What You Need to Know About Cold Plunge and Your Health

With nearly 800 million views on TikTok and 90 thousand tags on Instagram, the viral #coldplunge challenge has garnered tremendous attention.

But other than the entertainment value of watching celebrities dip into cold tubs of water, what benefit does the #coldplunge challenge offer?

Is taking the plunge good for your health?

Let’s dive in together and break down what you need to know about cold plunges and how they impact your health.


Cold Plunge

What is a cold plunge?

A cold plunge, or cold water immersion therapy, is a type of hydrotherapy where you immerse your body in cold water (below 60 degrees Fahrenheit), spending between five and 15 minutes in the water.[1]

Even though cold plunges are becoming increasingly popular, they have been practiced for centuries and have deep roots in many Scandinavian, Russian, and Japanese cultures. Cold plunges are commonly used after exercise, saunas, or hot baths because they stimulate the body’s natural healing processes and increase circulation, which can help reduce pain, inflammation, and sore muscles and improve overall health and well-being.[2]  Naturopathic colleagues have also been recommending forms of hydrotherapy for decades!


Mountain ridge and ice on the frozen lake surface

Types of Cold Water Immersion Therapy

The cold plunge has become the most well-known version of cold water immersion therapy, but there are several other types, including:

  • Cold water baths
  • Ice baths
  • Constant water therapy
  • Cold showers
  • Cryotherapy

Each type of cold water immersion therapy has its own benefits and risks. It’s important to choose the type of therapy that is most appropriate for your individual needs and health concerns.


Winter landscape with snowy trees, ice, beautiful frozen river

Cold Plunge and Your Health

Cold plunges can positively and negatively affect your health, depending on your circumstances and how you implement the practice. These can be a safe and effective way to improve your health and well-being. But it is essential to consult a healthcare provider before you take the plunge.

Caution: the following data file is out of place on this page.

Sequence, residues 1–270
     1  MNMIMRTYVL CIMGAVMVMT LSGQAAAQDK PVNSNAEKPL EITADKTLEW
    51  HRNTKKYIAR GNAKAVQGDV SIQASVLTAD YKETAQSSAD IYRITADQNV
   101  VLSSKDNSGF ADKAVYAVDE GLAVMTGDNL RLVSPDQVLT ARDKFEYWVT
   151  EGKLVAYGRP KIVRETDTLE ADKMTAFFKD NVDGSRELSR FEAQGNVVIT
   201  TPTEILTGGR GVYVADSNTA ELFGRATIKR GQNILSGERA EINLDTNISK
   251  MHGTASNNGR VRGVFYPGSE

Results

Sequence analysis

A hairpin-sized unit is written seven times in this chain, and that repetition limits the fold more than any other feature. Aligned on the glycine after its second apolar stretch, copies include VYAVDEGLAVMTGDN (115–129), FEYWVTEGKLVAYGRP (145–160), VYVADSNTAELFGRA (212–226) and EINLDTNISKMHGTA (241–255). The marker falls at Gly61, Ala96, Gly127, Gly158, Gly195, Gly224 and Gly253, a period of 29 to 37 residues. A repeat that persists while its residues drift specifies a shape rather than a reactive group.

How does a cold plunge work?

Cold plunges work by triggering a physiological response in the body known as the “cold shock response.”[3] When exposed to cold water, your body responds by constricting blood vessels and reducing blood flow to the extremities to conserve heat and maintain core body temperature.

As your body adjusts to the cold water, it releases endorphins, which can help reduce pain, improve mood, and trigger your body’s natural anti-inflammatory response. Over time, regular cold plunging may also help to improve resilience and reduce stress and anxiety. It may even support the creation of new mitochondria! Although more research is needed.


Cold Plunge

Health Benefits of a Cold Plunge

The popularity of cold plunges has vastly outpaced research on the subject. So even though cold plunges support various health benefits, additional research is needed to help us gain the necessary insight into the health benefits of a cold plunge.

Here’s what the literature says so far:

Reduced Inflammation, Muscle Soreness, and Pain

Research has indicated that cold plunges help reduce short-term (acute) and long-term (chronic) inflammation and muscle soreness after exercise, which can help to speed up the recovery process.[4] [5]

The research has demonstrated that a cold plunge can alleviate pain for athletes. Still, it can also help alleviate pain associated with conditions like fibromyalgia and rheumatism without the side effects of anti-inflammatory medications.

Improved Circulation

Cold plunges can help to stimulate blood flow, helping to improve your circulation, making it one of the most significant benefits of cold plunges.

Poor circulation can lead to headaches, fatigue, muscle cramping, high blood pressure, and cardiovascular issues like heart attack or stroke. But exposure to cold helps enhance blood flow throughout the body, oxygenating the cells, organs, and muscles.[6]

Increased Energy Levels

The stress the body experiences during a cold plunge increases adrenaline production, boosting energy levels and improving mental alertness.

Cold water exposure helps stimulate the nerve endings in the skin, which increases oxygen level, heart rate, and respiration rate.[7] Leading to an increased energy level and alertness in the body.

Boosted Immune Function

Numerous studies show that cold water immersion helps to boost immune function by increasing the production of white blood cells and other anti-inflammatory chemicals in addition to reducing the production of pro-inflammatory cytokines.[8] [9] [10]

Reduced Stress and Anxiety

The stress of cold water immersion can help improve resilience and reduce stress and anxiety by stimulating the Vagus nerve, which can lower the heart rate and reduce stress hormones in the body.[11]

A cold plunge also increases the production of endorphins and dopamine, two mood-elevating hormones and neurotransmitters.[12]

Improved Sleep Quality